In addition, "All of them have a passion of some sort a passion of caring, a passion of painting, a passion of gardening. A passion for something to keep them going." Despite having bad knees ever since she was a teenager, Dawn says: "I love the outdoors. I fish, horseback ride, swim. In fact, the best thing for me is water aerobics. Thatís what I love the most."

Plus, Dawn travels a lot, and in her own words, "Iím not a sitter. Even in my office, I stand at my desk." A world traveler, Dawn has been able to climb the mountains of Rwanda to see the gorillas and been among the first women to canoe through the exotic Solomon Islands. But even if people donít have those opportunities, they can still be active.


The Eyes Have It

Much of the appeal of the Mary Ann character seemed to radiate from somewhere deeper, more grounded very real and present.

Itís in Dawnís eyes they have an energy that holds you the instant you meet her. Wide, aware, curious, and expectant, theyíre always focused on you as you speak. Theyíre also bright and erupt with warmth and excitement as she talks about her life and the people that mean so much to her.

In fact, Dawn is especially careful to maintain the health of her eyes. "I take a supplement that contains vitamin A, among other things, to guard against macular degeneration."


Preventing Degeneration

As a physician whose observed enough patients struggling with poor vision, I was encouraged by Dawnís awareness of this growing problem. According to the Journal of the American Medical Association, age-related macular degeneration (AMD) is the leading cause of irreversible blindness among those over 65. Thatís right - irreversible. Unlike cataracts, where vision can be restored by replacing the diseased lens, AMD does not offer this possibility because the macula (the central part of the retina itself) becomes damaged beyond repair.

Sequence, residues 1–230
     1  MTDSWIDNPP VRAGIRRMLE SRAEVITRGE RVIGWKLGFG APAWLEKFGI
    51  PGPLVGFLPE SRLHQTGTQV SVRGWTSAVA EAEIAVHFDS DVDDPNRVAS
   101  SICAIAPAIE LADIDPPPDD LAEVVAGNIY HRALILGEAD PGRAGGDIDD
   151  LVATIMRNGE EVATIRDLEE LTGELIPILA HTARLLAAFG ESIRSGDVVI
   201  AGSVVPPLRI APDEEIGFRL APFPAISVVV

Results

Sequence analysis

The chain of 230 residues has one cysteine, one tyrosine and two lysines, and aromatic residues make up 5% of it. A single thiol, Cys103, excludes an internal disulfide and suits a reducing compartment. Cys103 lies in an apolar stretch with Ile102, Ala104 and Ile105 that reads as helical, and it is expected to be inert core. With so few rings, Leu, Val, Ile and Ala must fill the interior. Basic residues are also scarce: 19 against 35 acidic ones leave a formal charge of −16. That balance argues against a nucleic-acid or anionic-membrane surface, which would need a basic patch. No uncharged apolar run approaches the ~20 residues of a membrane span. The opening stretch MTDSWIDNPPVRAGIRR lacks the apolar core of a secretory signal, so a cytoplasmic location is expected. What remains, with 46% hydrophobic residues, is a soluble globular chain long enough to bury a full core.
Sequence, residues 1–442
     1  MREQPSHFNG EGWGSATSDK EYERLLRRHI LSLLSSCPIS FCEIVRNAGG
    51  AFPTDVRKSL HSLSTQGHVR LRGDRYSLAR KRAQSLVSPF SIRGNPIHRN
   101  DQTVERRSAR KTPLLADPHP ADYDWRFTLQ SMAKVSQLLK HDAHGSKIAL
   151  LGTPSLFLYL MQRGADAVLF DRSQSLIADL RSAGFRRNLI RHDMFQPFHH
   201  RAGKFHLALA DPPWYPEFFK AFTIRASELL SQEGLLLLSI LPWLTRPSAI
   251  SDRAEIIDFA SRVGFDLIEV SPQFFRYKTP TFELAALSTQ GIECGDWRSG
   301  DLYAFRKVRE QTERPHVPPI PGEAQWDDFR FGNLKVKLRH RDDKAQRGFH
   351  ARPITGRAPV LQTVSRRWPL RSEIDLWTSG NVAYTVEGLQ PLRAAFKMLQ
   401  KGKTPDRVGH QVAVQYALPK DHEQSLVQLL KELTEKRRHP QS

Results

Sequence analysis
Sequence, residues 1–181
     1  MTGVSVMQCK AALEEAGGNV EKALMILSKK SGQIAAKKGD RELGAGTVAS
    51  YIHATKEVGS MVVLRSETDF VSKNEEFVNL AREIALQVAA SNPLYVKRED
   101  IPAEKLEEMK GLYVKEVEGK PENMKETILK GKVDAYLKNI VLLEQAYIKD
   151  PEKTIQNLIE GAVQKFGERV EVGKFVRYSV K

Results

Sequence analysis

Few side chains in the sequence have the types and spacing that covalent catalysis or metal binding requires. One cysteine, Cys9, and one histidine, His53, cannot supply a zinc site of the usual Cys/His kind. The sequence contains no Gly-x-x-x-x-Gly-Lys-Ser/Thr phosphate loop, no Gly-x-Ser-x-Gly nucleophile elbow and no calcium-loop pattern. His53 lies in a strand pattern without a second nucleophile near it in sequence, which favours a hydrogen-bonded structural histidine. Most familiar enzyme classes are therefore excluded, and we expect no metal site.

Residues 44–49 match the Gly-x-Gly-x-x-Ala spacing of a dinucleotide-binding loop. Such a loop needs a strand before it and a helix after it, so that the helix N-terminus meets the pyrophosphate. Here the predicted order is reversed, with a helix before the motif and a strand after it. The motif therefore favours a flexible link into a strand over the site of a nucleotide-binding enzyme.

And the effects of AMD can be psychologically as well as physically devastating. Activities that are essential for independent living, such as reading, driving, and writing, are most impaired by this loss of central vision. Most cases of AMD are believed to occur because of free radicals, roaming electrons caused by an overexposure to ultraviolet (UV) rays. Thatís why taking vitamin A, as Dawn does, can be so beneficial in protecting your vision.

Vitamin A, an essential substance that fights free radical damage -especially in the eyes - is one of many compounds called carotenoids. Abundant in fruit and vegetables (mainly in carrots), the most famous carotenoid is beta-carotene, which is converted into vitamin A in the body.

One of the most comprehensive studies on vitamin A was conducted on more than 50,000 women beginning in 1980. Researchers found that women with the highest total vitamin A intake had a 39% lower risk of developing eye problems (Hankinson 1992). In addition, a study published in the journal Experimental Eye Research found that oral supplementation with vitamin A could restore visual function within eight days (Kemp 1988).


Her Best Role Yet

Dawn feels she has learned a lot about getting older from her 88-year-old mother. "Sheís always using her mind, always giving her brain practice. You read about people getting Alzheimerís because they have a few symptoms and then stop exercising their brains. My mother wonít use a calculator, she still remembers phone numbers. She always keeps her brain sharp. Her body is giving out, even though her mind is there 100 percent. "Dawn welcomes the chance to care for someone who has meant so much to her. "I think about all the things that my mother has done for me, and this is such a small thing to be there for her. I feel grateful that Iíve had her in my life and that I can give something back."


All in the Family